An exclusive extract from the Nobel prize-winning author’s final work describes how he and his wife imagined their farewell
At long last, having discussed our joint project many times, testing and rejecting various ideas at the kitchen table, we had reached a decision; the master carpenter Ernst Adomait sat across from us. The conversation began over tea and cakes, hesitantly at first, but soon underway.
Adomait has worked for us for years. He’s built standing desks and bookcases, and various smaller items for my wife. We told him what we wanted, never defining it as our last will and testament. After looking through the French window into the summery, windless garden, he agreed to take the job and make the boxes. He suggested they be measured separately for length and width, and we agreed. He had no objection to our request for two different woods: pine for my wife, birch for me. The boxes would be of equal depth, but hers would be two metres 10 long and mine two metres. My box would be five centimetres wider, to match my shoulders.
When I said “not tapered toward the foot,” which was once standard and may still be customary, he nodded in agreement.
I mentioned Wild West films in the course of which this sort of plain carpentry grew in demand. My sketch on a paper napkin proved unnecessary; the idea was clear enough. The boxes would be finished by autumn. We assured him we were in no hurry, but laced the conversation with hints about our combined age.
The style of the handles was still under discussion. I wanted something in wood. My wife favoured strong linen straps. In any case, there would be four on each side, to match the number of our children. The way the boxes would be sealed was left open for the time being. The conversation was down-to-earth at first, and dealt with practical details, but soon turned almost cheerful. When I suggested setting the lids loosely on top – “after all, the weight of the earth will hold them in place” – or fastening them down with carpenter’s glue, Adomait permitted himself a quickly fading smile, then declared pine and birch dowels more suitable.
“A costly method,” he warned. Alternatively, screws could be inserted in carefully drilled holes. I favoured hammering in old-fashioned nails with solemnly resounding blows at a given signal. In the postwar years, I often put up gravestones in cemeteries while working as a stonemason, and once made a deal with a gravedigger: five Lucky Strikes for a good dozen hand-forged coffin nails; later, much later, they appeared as rusty assemblages in drawings, lying this way and that, a few crooked, each with its own shape. And every nail had a tale to tell from its past. Sometimes I added dead beetles lying on their backs, and bones large and small. In one drawing, nails and rope hinted at a death only humans could devise. Soft pencil, hard-line pen and ink drawings, all of them still lifes, a few found buyers intrigued by their cryptic nature.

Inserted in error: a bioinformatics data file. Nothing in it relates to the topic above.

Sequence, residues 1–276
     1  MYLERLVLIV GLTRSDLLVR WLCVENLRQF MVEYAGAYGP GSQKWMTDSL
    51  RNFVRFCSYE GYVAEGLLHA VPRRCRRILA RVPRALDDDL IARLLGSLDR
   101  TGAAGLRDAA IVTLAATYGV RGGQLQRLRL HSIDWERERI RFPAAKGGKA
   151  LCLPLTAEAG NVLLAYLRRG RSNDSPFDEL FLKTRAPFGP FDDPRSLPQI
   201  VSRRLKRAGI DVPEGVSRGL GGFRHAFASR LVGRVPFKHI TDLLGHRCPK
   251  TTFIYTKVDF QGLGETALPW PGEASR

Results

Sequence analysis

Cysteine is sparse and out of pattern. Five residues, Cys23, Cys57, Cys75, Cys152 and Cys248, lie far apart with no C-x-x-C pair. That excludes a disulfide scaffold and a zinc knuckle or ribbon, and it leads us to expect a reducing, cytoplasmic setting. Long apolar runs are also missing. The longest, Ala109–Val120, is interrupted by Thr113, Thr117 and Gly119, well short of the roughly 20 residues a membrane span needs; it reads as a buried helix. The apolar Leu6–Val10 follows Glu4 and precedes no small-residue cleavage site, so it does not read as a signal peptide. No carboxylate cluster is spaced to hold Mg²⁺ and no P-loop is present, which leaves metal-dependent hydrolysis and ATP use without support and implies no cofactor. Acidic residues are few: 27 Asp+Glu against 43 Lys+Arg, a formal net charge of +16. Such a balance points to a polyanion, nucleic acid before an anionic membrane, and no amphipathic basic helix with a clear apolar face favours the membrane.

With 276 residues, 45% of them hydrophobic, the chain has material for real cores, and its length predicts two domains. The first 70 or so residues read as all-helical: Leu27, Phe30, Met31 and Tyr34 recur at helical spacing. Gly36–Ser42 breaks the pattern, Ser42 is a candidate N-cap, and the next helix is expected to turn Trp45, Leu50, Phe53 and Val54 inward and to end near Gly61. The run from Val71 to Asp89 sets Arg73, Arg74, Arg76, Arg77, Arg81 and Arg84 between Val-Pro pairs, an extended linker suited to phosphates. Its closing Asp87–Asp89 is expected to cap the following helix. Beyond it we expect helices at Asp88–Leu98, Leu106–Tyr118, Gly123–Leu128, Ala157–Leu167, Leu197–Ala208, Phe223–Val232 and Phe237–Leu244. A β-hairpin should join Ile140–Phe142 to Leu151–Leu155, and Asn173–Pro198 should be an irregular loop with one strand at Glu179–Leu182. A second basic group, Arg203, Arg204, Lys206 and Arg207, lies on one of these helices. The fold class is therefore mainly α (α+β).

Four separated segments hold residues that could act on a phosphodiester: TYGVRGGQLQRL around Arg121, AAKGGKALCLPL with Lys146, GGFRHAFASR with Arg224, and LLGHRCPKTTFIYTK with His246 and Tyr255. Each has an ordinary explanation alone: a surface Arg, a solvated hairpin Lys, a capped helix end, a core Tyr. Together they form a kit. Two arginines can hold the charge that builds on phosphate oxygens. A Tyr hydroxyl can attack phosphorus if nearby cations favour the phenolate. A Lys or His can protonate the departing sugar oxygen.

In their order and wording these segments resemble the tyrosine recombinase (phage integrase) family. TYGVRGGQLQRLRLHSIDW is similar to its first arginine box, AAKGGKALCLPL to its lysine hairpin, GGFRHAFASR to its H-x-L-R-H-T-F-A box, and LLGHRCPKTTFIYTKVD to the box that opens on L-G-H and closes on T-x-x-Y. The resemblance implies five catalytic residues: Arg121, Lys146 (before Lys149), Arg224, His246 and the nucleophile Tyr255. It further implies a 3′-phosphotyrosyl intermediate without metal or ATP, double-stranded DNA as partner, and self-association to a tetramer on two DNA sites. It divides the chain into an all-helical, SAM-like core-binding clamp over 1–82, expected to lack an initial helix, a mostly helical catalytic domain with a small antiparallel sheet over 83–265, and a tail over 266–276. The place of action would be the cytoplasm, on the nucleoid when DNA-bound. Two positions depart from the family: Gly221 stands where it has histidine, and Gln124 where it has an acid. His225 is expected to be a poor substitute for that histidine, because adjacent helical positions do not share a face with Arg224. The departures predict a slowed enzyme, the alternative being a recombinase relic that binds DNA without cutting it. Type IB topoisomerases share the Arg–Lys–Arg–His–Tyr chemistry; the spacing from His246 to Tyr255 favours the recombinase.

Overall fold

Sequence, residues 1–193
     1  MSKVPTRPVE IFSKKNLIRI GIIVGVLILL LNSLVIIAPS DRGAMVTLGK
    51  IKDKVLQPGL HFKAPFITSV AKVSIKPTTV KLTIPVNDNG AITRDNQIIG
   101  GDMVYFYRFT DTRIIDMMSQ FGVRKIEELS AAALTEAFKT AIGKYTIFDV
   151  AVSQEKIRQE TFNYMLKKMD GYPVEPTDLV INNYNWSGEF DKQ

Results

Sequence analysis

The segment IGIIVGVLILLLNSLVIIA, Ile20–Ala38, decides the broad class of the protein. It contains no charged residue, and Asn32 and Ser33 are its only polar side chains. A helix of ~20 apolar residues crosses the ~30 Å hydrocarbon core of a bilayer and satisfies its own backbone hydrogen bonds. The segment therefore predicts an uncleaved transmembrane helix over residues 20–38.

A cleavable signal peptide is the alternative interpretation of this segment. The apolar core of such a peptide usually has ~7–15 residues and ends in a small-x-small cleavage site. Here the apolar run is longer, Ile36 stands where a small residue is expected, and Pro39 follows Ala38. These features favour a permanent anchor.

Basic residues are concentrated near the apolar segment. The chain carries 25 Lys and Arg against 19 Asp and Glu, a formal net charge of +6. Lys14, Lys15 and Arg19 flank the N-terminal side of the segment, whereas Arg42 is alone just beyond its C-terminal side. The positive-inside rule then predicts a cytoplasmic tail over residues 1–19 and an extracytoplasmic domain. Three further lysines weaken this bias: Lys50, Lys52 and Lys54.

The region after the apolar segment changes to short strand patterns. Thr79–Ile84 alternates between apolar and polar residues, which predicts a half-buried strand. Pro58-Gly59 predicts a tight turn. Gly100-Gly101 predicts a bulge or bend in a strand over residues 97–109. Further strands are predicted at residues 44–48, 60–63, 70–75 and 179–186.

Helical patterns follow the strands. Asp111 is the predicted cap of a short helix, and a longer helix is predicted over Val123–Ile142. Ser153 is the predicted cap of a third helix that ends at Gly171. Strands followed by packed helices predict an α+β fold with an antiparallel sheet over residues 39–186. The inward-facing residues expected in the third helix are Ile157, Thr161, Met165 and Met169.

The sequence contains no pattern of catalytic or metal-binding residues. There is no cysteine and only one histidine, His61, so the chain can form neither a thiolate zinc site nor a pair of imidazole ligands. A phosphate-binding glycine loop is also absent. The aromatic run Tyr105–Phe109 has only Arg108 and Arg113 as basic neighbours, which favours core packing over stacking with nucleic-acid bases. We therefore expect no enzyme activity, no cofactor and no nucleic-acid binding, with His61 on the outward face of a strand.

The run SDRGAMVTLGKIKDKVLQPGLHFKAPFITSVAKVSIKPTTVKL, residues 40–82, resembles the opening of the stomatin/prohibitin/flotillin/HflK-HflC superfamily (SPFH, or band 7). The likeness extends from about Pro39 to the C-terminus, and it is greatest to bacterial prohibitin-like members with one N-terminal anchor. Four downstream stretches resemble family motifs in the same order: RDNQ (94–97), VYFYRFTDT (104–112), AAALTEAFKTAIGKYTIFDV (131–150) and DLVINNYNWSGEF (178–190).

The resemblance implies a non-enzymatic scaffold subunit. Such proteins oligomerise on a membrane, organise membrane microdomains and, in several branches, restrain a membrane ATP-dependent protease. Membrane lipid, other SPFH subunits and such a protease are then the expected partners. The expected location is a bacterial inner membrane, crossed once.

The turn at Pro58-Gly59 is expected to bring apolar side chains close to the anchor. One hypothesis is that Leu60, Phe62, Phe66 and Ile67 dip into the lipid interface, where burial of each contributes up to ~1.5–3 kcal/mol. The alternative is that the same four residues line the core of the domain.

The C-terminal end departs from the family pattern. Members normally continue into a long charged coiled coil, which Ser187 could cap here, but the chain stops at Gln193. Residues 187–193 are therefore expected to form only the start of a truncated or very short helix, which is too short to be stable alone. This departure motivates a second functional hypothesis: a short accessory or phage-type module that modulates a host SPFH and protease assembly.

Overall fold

Adomait seemed to follow my digressions more out of politeness than interest. Then we chatted about current affairs: the ludicrous rise in the price of petrol, the uncertain summer weather, the now-familiar bankruptcies. I set a bottle of mirabelle plum brandy beside the empty teapot and what remained of the cakes. “Just a small glass,” said the master carpenter, who still had to drive home in his truck.
By the time Adomait left, we’d decided on wooden dowels and rough linen handles on each side of the boxes. “We can count on him,” my wife said. “He has always delivered on time.” The interior decoration of the boxes hadn’t come up that afternoon, since it didn’t involve carpentry. The only thing we were sure of was that padded upholstery, cotton or down, was out of the question. That sort of expense might be customary in commercial coffins, but we weren’t looking for comfort.
It was only at breakfast, after my usual complaint that my mattress was too hard, and when the dishes had been removed and the tabletop was bare, that an idea came to me, somewhat vaguely at first, but soon assuming a clearer shape. I suggested that after the obligatory washing of our lifeless bodies, we be laid to rest on a bed of leaves, then covered with more leaves by our daughters and sons, using whatever Nature offered, according to the season. In spring, budding leaves would cover us; in summer, fruit trees – cherry, apple, pears and plums – could lend their lush green, mature abundance. Autumn, my preferred season, would make its brightly coloured offering. And dry, rustling leaves could deck our naked bodies in winter. The old walnut tree, the copper beech, the maple would provide variety. A handful of walnuts could adorn our leafy cover as an extra feature. Only the two chestnut trees outside our house, sickly for years, would be forbidden to add their rust-afflicted foliage. I also requested there be no oak leaves.
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